By attending, and at times hosting, CPD sessions, subscribing to professional communities like the ATM and engaging in their literature, being active on professional aspects on social media and engaging with educational literature we are attempting to ensure that everything from our long-term planning to our in-lesson interactions are informed, in part, by educational and scientific theory as well as at times drawing on the knowledge of more experienced others where appropriate.
2. Implementation: how do we teach what we teach?
All pupils always work to the same learning objective every lesson: we are all climbing the same mountain. Teachers plan for the fact that some students will need more scaffolding; others will require a greater challenge. In maths we aim to meet the academic needs of all learners every lesson through the use of differentiated questioning with simpler questions being directed at children who need to build a sense of success and more complex reasoning questions used to check pupil understanding. Typical scaffolding in Primary maths lessons involves providing concrete and pictorial representations to support learners to understand mathematical concepts, if pupils have not understood learning in a lesson, teachers aim to take them out for a same day intervention to review this learning and support children to tackle misconceptions.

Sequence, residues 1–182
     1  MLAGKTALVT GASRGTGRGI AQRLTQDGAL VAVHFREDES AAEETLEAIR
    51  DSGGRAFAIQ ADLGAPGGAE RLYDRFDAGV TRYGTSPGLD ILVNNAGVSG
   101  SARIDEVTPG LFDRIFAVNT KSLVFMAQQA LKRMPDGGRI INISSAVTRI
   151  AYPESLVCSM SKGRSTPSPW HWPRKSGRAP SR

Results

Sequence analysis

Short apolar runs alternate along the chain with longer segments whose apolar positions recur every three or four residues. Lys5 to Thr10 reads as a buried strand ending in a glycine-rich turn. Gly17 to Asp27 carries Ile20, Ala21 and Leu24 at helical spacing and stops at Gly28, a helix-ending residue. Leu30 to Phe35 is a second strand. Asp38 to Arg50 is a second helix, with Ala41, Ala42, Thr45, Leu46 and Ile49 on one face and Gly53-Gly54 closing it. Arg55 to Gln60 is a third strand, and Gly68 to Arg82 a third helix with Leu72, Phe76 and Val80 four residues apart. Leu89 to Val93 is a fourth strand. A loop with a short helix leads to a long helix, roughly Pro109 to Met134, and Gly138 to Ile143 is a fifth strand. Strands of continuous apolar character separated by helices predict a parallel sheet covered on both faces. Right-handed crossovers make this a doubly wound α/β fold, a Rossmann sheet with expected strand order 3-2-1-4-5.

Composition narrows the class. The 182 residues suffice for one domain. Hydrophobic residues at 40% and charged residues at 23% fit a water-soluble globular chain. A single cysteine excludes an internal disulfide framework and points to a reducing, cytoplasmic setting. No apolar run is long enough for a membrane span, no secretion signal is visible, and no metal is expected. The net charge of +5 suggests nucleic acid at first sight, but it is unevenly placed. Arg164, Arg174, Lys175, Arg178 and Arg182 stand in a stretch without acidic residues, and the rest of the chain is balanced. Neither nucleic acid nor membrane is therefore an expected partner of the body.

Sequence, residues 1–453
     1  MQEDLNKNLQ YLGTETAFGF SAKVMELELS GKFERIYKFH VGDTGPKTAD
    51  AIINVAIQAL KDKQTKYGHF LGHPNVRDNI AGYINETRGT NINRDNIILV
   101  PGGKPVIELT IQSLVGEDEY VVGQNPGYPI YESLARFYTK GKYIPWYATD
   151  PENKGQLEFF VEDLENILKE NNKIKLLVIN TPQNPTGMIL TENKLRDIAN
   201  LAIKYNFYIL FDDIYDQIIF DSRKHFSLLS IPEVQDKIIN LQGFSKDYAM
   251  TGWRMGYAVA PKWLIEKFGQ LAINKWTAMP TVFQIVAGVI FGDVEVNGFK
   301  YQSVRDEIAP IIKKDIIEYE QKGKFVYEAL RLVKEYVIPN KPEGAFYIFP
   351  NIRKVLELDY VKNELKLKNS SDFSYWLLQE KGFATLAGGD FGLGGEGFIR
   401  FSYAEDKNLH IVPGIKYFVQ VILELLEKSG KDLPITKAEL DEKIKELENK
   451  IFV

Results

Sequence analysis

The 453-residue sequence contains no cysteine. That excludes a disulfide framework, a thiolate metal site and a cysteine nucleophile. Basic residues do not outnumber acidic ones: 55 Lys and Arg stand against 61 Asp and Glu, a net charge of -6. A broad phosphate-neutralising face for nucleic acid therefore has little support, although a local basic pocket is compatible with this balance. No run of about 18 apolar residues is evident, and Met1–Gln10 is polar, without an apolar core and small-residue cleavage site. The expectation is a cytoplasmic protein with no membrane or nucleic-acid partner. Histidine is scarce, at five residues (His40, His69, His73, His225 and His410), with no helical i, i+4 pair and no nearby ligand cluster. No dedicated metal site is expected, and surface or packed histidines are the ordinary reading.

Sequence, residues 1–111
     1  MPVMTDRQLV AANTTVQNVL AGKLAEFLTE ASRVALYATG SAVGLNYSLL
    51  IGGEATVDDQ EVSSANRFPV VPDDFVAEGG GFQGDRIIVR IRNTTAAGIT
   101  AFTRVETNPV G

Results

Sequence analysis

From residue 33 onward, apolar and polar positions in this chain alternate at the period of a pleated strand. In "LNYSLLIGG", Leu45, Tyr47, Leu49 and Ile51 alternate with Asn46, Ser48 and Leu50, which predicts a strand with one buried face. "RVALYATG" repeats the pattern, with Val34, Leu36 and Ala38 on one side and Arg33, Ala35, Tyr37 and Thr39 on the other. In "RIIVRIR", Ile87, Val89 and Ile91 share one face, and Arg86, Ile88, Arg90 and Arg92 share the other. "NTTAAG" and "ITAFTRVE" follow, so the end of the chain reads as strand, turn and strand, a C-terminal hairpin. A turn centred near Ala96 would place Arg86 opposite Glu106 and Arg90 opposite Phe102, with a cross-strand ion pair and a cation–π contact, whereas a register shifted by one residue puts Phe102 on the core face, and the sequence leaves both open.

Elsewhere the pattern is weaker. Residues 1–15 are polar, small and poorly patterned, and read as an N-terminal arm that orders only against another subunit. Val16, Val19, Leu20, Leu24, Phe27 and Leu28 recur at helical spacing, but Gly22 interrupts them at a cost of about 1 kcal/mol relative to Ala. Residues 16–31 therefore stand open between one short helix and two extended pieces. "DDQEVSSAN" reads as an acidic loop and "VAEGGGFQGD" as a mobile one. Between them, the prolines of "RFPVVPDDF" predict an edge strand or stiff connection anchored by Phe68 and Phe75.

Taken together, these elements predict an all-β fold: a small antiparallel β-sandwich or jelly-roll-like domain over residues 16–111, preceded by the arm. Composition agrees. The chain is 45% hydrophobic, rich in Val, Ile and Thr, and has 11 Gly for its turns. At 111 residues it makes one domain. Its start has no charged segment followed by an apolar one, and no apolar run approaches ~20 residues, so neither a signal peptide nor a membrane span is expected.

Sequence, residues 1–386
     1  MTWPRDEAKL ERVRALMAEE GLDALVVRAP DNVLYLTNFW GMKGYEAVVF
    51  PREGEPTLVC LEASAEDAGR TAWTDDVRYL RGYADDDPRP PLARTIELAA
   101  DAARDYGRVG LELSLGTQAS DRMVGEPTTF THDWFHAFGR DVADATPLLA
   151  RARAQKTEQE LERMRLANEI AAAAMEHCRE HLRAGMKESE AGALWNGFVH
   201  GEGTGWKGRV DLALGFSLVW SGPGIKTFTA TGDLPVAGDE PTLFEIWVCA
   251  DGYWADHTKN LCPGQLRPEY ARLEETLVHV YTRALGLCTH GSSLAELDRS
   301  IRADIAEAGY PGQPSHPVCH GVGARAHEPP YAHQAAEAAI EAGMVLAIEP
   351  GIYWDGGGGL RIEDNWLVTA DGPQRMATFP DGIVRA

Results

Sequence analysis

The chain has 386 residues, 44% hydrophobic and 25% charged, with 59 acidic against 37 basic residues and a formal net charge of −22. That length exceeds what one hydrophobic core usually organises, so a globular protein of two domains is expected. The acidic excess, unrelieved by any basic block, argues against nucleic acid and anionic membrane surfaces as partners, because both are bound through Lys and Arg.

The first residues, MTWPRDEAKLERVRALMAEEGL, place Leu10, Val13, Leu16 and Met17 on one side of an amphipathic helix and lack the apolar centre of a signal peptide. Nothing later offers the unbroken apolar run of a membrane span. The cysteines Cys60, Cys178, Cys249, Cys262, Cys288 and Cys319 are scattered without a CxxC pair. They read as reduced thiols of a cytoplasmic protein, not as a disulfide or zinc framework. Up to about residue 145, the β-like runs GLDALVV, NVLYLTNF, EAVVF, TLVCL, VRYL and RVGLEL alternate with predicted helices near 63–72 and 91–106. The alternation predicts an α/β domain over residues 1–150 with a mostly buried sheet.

Maths Mastery lessons follow a six-part structure of a Do Now, New Learning, Talk Task, Develop Learning, Independent Task and Plenary. In primary, we also teach daily Maths Meetings designed to consolidate key areas of mathematics or introduce new topics, these occur 3-5 times a week for 15–30 minutes. Each week concentrates on a different times table and by the end of Year 4 all times tables have been taught. This will prepare pupils to be successful in the new National Multiplication Check.
The maths curriculum is driven by the maths leaders of the school through the embedding of long-term curriculum overviews following the Maths Mastery unit order and the development of medium-term plans by subject leaders. In primary, maths is co-led by an Assistant Principal and a part time Maths lead. The Secondary department is led by a Head of Department (HoD) and a Deputy Head of Department (DHoD) who, amongst other things, oversees Key Stage 3.